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rkfelpel

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i was wondering if anyone can help me with making my first wine kit ever, i have followd the direction waited my time i was getting ready to bottle my wine today. i took some wine out with my theif but it in a glass and check to make sure it was clear and it was. so after a month or so i am going to try my wine that i made and to be honesti am a liitle dissappointed because it taste a little carbonated and i dont no why. can anyone tell me why and what i should do next? do i just continue to bottle? to i add a chemical that take the carbonation out? or just leave it in the carboy for a little longer.

the kit was from winexpert vinter's reserve cabernet sauvignon the flavor was not bad just a little carbonated with no legs. please help :confused:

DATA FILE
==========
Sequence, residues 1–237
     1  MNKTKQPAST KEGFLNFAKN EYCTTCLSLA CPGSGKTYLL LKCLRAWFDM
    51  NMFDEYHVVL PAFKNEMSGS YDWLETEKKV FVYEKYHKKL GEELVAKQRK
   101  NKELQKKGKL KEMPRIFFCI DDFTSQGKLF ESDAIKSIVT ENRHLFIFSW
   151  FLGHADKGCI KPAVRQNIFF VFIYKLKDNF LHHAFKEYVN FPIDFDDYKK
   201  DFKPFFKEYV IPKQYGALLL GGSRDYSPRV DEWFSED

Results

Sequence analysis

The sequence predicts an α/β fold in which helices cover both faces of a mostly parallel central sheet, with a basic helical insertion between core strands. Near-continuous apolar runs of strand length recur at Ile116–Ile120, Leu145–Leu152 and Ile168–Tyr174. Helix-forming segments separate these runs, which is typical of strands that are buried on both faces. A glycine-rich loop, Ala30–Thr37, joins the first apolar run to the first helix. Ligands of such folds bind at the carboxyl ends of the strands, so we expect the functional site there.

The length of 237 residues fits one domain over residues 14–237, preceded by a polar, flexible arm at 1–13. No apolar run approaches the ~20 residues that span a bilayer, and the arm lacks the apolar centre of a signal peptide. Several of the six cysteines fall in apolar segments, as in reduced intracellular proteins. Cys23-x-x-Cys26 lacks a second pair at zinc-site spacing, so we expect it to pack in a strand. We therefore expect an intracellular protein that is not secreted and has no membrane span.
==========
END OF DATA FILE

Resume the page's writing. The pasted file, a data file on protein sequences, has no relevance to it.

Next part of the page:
Racer

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De-gassing a wine is the hardest part of making a wine kit. I think everybody that has made a kit has had a problem with it too until they got the hang of it, or switched to vacuum de-gassing. Or just leave it in the carboy alot longer and let nature and time de-gas the wine for you.
 

rkfelpel

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You really eed to stir the snot out of it.
wade e do you think i should do next? should i re stir the snot out of it and let it sit for another 10 days? or is it a lost cause at this point?
 

cpfan

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Definitely NOT a lost cause. There is no chemical way to get the CO2 out, just physical methods.

Make sure the wine is 72-75F (cooler makes degassing more difficult). If there is sediment, rack off the sediment to a clean/sanitized pail. Stir well. Try not to get too much of a vortex going, so stir, pause, stir again. reverse occasionally. Sample (ain't this fun). When the CO2 is 'gone', bottle. Do all this in a couple of hours or less. Stirring in the pail (larger surface area) should cause CO2 to come out faster.

Steve
 
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